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Olympic intermission is a test for Sabres' chemistry

Chris Drury knows a thing or two about that elusive thing called team chemistry. Drury played on a Stanley Cup winner in Colorado in 2001. He went to four straight conference finals there. He won the NCAA championship with Boston University in 1995. He pitched his team to a Little League World Series title in 1989.

But Drury says he has never been on a team with quite the same chemistry as this year's Sabres.

"This is pretty unique, especially since no one gave us a chance to do anything," the Buffalo co-captain said. "It makes it pretty sweet. But we know there's still a long road ahead. We need to keep that chemistry going, continue to work hard for each other, and hopefully we'll get the same results."

The results have been stunning for three months. On Nov. 14, the Sabres were 8-9. They went 27-6-4 over the next 37 games. That's one of the most remarkable rolls in franchise history. They've run off winning streaks of seven, six and five games.

The Sabres have done it without any true stars, without a player among the NHL's top 70 scorers and, for long stretches, without some of their best players. When injuries struck, they simply plugged in the next anonymous face from Rochester and continued soaring toward the top of the league.

Just when you think they're about to slip, they start another streak. Two-thirds of the way through the season, the Sabres have the best road record in the East. If they maintain their stride over the final two months, they might just finish first in the conference.

So it'll be a little unsettling to see them shut down for the Olympics after today's game. Sure, it'll give the injured time to heal. But there's no telling how a 16-day break might affect the Sabres. Team chemistry can be a delicate thing. The players and coaches spent five months forming that elusive, competitive bond.

Coaches worry for a living. Lindy Ruff, a notorious worrier and tinkerer, does wonder if it will be difficult to recapture the magic when the Sabres come back together.

"Well, yeah, I do," Ruff said. "I think you want some structure in place for the break. We have a young team. You can't control individuals for a certain period of time. You just hope what you talk about and try to instill will be there when you get back. I think it's pride. There is a lot of pride in that room, and a lot of selfless play."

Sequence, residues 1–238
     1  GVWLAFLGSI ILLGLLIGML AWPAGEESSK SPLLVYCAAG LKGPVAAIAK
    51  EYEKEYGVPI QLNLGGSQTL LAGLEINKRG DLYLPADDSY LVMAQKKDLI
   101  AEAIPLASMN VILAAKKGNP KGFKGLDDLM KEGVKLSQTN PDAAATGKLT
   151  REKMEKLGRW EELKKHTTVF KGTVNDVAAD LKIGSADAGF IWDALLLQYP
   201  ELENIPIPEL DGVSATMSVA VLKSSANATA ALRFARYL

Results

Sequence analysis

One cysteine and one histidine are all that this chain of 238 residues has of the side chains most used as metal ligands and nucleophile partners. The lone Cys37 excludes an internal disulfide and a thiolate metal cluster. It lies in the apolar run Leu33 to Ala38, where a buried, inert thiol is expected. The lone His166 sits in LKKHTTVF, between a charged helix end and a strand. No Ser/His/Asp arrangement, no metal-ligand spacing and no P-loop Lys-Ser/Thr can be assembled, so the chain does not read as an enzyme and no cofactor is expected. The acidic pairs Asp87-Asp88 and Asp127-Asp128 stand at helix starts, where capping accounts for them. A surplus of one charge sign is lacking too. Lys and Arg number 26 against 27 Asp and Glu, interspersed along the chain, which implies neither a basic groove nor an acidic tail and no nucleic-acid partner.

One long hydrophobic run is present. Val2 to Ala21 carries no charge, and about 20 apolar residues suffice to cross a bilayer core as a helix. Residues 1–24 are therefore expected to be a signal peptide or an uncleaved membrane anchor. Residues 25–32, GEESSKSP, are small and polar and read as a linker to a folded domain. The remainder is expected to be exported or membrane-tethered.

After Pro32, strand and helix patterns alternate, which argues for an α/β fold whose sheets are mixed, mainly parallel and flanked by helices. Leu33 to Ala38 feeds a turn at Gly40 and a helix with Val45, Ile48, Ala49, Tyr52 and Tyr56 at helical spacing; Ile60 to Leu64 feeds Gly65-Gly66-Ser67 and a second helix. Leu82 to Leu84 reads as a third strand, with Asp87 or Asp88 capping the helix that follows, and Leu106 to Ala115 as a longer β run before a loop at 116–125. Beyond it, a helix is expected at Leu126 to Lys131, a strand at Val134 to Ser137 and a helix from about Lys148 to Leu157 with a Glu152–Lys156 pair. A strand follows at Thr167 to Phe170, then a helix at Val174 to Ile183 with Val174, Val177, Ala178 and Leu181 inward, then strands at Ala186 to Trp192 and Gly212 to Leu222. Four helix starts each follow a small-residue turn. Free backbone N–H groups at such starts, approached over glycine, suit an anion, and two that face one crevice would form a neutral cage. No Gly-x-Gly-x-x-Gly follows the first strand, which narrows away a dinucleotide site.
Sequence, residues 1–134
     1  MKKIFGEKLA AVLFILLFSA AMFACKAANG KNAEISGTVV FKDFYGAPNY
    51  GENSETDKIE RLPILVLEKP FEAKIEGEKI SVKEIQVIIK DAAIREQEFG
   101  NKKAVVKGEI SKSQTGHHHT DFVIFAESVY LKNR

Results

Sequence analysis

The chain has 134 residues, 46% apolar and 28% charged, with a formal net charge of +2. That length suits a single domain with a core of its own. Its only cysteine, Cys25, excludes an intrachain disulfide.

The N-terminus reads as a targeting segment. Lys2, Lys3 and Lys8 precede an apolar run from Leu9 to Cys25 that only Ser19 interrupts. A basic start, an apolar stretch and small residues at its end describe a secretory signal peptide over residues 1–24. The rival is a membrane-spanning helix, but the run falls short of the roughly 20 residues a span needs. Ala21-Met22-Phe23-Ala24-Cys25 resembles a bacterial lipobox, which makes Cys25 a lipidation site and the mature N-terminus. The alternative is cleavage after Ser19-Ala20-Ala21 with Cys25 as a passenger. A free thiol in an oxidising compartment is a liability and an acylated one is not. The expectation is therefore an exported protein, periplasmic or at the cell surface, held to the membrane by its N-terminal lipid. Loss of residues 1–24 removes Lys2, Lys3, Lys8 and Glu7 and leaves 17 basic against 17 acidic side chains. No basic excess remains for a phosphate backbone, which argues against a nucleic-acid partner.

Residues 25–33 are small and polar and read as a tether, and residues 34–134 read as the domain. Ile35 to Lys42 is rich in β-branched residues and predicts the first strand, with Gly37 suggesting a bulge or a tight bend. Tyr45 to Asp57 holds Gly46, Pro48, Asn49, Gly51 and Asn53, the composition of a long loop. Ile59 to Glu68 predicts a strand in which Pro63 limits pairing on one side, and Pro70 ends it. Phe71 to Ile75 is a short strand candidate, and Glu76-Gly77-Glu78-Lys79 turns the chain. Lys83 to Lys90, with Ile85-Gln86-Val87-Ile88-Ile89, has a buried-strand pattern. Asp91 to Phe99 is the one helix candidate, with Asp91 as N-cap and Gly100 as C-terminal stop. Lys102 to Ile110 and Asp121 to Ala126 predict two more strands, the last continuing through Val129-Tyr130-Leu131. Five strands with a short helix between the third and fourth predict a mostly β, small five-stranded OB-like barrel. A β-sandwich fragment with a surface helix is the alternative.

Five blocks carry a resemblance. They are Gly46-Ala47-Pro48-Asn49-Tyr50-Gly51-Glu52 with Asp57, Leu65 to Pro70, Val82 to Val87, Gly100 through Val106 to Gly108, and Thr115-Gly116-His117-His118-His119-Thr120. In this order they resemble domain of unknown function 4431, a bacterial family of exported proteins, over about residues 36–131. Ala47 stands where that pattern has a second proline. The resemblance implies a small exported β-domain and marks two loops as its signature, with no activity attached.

Drury said he's looking forward to playing for the USA in Turin. He won a silver medal at Salt Lake City in 2002. He said a gold would be nice this time. But he wasn't all that convincing. You could hear the ambivalence in his voice. It's hard for Drury to contemplate two weeks in Italy when he's so emotionally connected to his team in Buffalo.

The Sabres are the perfect reflection of Drury as a tough, selfless leader. It's his team. How can the young kids shy away from the dirty work when they see their captain sticking his face in front of opposing slap shots, grinding away in the corners, working tirelessly to kill penalties, winning all those key faceoffs?

When the star doesn't act like a star, when he's devoid of ego and sloth, a team takes on his personality. Now Drury has to leave a team with great chemistry and no stars to play for an Olympic team with stars and no established chemistry.

It takes months, years even, to concoct the chemistry that has made the Sabres the darlings of Buffalo. How can an Olympic team find it overnight?

"Hopefully, we can," Drury said. "We'll have one day of practice."

I think he was joking. It's hard to tell with Drury. He speaks in soft, considered monotones, as if every syllable matters. He is a proud, serious guy who loathes losing. He will enjoy Turin. But he will miss the Sabres, even if it's only two weeks.

"It's been a great ride so far, a special year," Drury said. "I don't really like reminiscing about a season only 50 games into it. But am I going to miss this? Am I going to miss these guys? Sure I am. But we know we have a ways to go."

Drury said he doesn't need a gold medal to make his life complete. But he's a competitor to his core. Once he arrives in Italy, the fires will start to burn. He knows the Americans aren't expected to do well. They're an underdog, and he kind of likes it that way.

"Yeah, it seemed to work out all right for us here in Buffalo," he said. "Nobody thought we'd do anything. No one thought Carolina was going to do too much this year, and look at them. So that's what makes sports great. There's always underdogs fighting to get things done."

Turin will be a nice experience, a fond interlude. But I suspect it's the Stanley Cup that really motivates Drury, who has a reputation as a great playoff performer. From 1999 to 2002, he played in 80 playoff games, the equivalent of a full season. But it's been almost four years since his last playoff game -- nearly as long as it's been since his last Olympics.

Here in Buffalo, it's been almost five years since the last Stanley Cup playoff game. Drury is well aware of that. He says Buffalo is his home. It seems to fit right. He hasn't even left for Turin, and he seems eager to get back here, back with his real team, for the playoff push.


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